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How to make a Pudding in a Turnep root. Take your Turnep root, and wash it fair in warm water, and scrape it faire and make it hollow as you doo a Carret roote, and make your stuffe of grated bread, and Apples chopt fine, then take Corance, and hard Egs, and season it with Sugar Sinamon, and Ginger, and yolks of hard egs and so temper your stuffe, and put it into the Turnep, then take faire water, and set it on the fire, and let it boyle or ever you put in your Turneps, then put in a good peece of sweet Butter, and Claret Wine, and a little Vinagre, and Rosemarye, and whole Mace, Sugar, and Corance, and Dates quartered, and when they are boyled inough, then willl they be tender, then serve it in. A.W. A Book of Cookrye (1591)

Ingredients:

* 4 turnips, pealed
Stuffing:
* 1/2 cup bread crumbs
* 1 apple, grated
* 1 tbsp currants
*  yolks from 2 hard boiled eggs
* 2 tbsp sugar
* 1/2 tsp cinnamon, ground
* 1/2 tsp ginger, ground
Broth:
* 2 tbsp unsalted butter
* 1/2 cup red wine
* 1 tsp rosemary needles
* 1 flake mace
* 1 tbsp sugar
* 1 tbsp currants
* 2 tbsp dates, quartered
* 1 tbsp grape vinegar

Directions

  1. Carve out an egg sized hole in your turnips removing about 1/4 cup of flesh. I used a grapefruit spoon but a Mellon baller or knife will work. If you slip and pierce the flesh a little don’t worry too much but try not to make any of the turnip-bowl walls too thin.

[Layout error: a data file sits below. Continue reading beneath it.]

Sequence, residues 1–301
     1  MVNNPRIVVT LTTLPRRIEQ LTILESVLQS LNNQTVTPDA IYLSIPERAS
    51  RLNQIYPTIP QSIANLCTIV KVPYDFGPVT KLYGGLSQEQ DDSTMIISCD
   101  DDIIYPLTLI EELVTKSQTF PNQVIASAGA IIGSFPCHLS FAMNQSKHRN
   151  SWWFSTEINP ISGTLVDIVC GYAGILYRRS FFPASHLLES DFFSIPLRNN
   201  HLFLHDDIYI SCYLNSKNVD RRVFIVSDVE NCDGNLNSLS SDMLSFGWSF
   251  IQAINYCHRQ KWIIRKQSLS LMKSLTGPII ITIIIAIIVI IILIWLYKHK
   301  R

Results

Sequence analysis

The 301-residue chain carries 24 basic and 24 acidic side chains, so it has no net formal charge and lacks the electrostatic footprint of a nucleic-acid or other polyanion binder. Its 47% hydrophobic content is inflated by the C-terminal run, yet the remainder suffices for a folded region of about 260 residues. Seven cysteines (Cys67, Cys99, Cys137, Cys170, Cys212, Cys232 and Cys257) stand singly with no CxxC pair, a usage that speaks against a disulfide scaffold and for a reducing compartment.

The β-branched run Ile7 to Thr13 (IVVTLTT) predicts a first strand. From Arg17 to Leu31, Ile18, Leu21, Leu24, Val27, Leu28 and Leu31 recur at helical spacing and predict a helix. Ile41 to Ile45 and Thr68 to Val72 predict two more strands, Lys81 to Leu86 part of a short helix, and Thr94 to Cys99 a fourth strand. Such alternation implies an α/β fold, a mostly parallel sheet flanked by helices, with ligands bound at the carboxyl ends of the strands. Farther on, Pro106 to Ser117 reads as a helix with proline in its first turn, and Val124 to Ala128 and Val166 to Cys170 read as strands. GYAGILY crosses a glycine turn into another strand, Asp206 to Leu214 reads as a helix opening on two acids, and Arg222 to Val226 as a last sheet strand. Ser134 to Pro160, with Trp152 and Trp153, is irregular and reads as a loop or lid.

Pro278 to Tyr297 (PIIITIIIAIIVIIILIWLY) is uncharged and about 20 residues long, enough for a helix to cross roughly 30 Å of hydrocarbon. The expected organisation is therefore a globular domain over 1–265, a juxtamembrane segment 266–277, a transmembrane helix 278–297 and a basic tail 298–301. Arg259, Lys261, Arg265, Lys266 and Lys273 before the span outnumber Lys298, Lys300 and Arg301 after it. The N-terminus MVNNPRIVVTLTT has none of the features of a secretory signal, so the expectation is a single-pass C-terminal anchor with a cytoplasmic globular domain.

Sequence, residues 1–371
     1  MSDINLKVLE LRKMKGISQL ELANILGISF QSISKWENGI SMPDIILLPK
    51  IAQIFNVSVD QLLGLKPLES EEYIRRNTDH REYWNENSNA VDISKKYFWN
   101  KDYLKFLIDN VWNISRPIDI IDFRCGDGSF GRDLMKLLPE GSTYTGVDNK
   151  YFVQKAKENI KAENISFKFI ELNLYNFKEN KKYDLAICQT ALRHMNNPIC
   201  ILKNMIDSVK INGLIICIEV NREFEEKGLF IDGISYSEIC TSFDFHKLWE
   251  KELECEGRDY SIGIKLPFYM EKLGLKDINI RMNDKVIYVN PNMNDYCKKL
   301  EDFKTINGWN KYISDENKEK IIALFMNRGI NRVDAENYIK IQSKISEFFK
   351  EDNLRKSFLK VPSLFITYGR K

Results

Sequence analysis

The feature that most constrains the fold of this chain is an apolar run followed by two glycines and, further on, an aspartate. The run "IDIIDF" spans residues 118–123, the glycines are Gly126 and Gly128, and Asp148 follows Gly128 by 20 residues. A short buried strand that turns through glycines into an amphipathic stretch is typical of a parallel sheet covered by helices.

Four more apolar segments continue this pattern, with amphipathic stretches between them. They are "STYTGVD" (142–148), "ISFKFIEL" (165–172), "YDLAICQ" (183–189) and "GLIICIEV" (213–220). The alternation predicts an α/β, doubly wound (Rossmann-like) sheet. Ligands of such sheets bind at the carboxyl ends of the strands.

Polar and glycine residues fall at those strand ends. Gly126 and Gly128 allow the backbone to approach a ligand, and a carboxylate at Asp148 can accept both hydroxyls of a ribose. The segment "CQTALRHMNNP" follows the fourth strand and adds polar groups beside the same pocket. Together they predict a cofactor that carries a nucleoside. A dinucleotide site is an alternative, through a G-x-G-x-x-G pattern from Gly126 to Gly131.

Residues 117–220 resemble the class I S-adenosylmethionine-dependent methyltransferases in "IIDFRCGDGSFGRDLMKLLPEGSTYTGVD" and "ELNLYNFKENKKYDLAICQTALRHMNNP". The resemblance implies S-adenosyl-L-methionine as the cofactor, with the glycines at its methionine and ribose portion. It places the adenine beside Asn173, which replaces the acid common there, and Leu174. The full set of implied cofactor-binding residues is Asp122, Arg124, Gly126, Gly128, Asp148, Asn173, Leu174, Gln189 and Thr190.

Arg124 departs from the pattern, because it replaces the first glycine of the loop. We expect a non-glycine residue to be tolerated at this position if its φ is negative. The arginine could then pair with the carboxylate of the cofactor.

2. Mix stuffing ingredients together with hand. Tightly stuff the stuffing into each turnip bowl.
  3. Fill a sauce pan half way with water. Bring water to a boil. Turn pot down to low to simmer  and add butter, wine, rosemary, mace, sugar, currants, and dates, then stir.
  4. Gently place the turnips stuffing side up in pot, simmering liquid should cover them. Cover pot with lid and simmer the puddings for 1 hour.
  5. Serve hot or cold.

Optional: You could make a sauce out of the cooking liquid by straining and adding more sugar but that isn’t mentioned in the original recipe.

Raspberry Steamed Pudding

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Since there are 100rd recipes on line for Cambridge pudding I decided to go a different steamed pudding route with this Raspberry Pudding.

I learned from a very unreliable source that Raspberries are an old world fruit that was cultivated in the new world. I’m going to have to dig out some more medieval or Tudor era recipes.

This recipe makes a firm custard not a rock hard cake.

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To make a Rasberry Pudding. Take a Quart of Cream and boil it with whole Spice a while, then put in some grated Bread, and cover it off the Fire, that it may scald a little; then put in eight Eggs well beaten, and sweeten it with Sugar; then put in a Pint or more of whole Rasberries, and so boil it in a Cloth, and take heed you do not boil it too much, then serve it in with Wine, Butter and Sugar Hannah Woolley, The Queen-like Closet OR RICH CABINET Scored with all manner of RARE RECEIPTS FOR Preserving, Candying and Cookery (1670)